India’s existing structures of water governance, which focus on constructing supply systems, need a radical transformation to be able to address new challenges. This article points out that the proposed National Water Commission could help by initiating steps that assert crucial aspects of the new culture of water management structures in the country.
This critique assesses if the National Water Framework Bill 2016 and the Mihir Shah Committee report are truly interdisciplinary and based on the principles of integrated water systems governance. The question still remains whether the recommendations are enough to bridge existing gaps and address future challenges in water governance.
While welcoming the Mihir Shah Committee report for seeking to bring about a very important change in the current institutional structure of water management in the country, this article draws attention to some of its major shortcomings. It also observes that some of the report’s recommendations need a word of caution.
Welcoming the debate on the assumptions underpinning water resource monitoring in India triggered by the Mihir Shah Committee report, the authors suggest that the proposed National Water Commission should focus on providing integrated data and science to help water managers and policymakers, avoiding getting directly involved in planning or regulation.
The Mihir Shah Committee report analyses the complexity of the water sector in a finely nuanced manner and understands what needs to be done, but it fails to convince how its ideas could fructify. The report’s prescriptions, executed through a new structure, could fetter the water sector instead of setting it free to innovate.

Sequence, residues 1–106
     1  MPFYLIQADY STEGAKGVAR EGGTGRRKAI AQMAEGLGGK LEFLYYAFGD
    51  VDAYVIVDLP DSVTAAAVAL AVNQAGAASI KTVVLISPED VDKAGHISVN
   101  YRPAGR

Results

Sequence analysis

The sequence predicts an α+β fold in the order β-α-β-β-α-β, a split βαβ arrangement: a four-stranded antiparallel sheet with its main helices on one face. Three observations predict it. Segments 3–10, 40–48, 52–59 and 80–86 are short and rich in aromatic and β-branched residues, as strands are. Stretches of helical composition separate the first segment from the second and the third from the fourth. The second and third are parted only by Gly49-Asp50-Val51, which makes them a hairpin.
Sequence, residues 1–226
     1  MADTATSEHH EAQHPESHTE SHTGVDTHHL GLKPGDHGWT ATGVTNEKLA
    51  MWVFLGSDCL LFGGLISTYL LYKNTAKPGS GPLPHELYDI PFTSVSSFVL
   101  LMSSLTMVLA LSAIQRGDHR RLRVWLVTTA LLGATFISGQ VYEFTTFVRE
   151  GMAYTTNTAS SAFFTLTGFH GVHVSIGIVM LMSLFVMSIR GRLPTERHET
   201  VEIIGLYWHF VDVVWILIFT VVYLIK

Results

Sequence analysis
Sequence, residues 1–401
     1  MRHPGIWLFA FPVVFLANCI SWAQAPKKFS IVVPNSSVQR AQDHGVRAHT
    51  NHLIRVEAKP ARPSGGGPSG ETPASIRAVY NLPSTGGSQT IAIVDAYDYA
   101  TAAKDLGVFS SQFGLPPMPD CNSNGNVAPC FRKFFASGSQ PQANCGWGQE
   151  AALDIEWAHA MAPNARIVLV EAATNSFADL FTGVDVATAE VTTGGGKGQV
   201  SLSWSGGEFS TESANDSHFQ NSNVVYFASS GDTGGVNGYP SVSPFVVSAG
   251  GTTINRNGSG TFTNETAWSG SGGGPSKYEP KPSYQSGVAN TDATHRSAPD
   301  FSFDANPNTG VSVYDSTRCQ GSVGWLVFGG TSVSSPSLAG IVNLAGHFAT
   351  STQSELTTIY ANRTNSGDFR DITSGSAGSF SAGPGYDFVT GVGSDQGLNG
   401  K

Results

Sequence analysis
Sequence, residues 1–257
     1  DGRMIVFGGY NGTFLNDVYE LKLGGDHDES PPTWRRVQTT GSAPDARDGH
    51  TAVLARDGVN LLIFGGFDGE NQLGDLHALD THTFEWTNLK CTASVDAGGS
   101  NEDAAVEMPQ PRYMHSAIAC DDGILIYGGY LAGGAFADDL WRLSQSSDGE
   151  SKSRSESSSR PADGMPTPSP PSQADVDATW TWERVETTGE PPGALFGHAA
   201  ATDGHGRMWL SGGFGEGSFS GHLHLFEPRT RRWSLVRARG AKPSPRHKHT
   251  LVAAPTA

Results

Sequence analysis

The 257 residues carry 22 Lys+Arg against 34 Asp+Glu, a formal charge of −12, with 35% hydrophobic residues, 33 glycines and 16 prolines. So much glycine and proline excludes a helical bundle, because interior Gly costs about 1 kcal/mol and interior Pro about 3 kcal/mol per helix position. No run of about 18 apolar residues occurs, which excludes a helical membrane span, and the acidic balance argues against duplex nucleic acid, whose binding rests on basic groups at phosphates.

The Mihir Shah Committee report lays a solid foundation for restructuring water governance in India. Yet, a few supplementary provisions could reinforce the report’s recommendations, nudging the effort towards improved water resources management.
The growing crisis in groundwater availability in India means that the time is ripe for a paradigm shift in the way we think about it. This article reviews recent developments that have opened up exciting opportunities for change, and makes suggestions to address some of the shortcomings of the past.
The Mihir Shah Committee report demands a paradigm shift, bringing the ecosystems perspective to the ways water is governed in India. This article argues that these governance reforms, though essential, are not enough to enable the paradigm shift necessary for sustainability and ecological justice. But it may be a great place to begin.
Describing the tasks proposed for the National Water Commission as visionary, varied, and vast, this article underlines that ensuring high performance, accountability, speedy implementation, and cost effectiveness to India’s water management is a massive challenge. Highlighting three major problem areas, it suggests possible ways forward.
While welcoming the overall thrust of the Mihir Shah Committee report and its suggestion for a National Water Commission of technical experts to assist the states, this article underscores that it does have some blind spots. These would include its non-inclusion of waterbodies and preference for floodplain zoning, among others.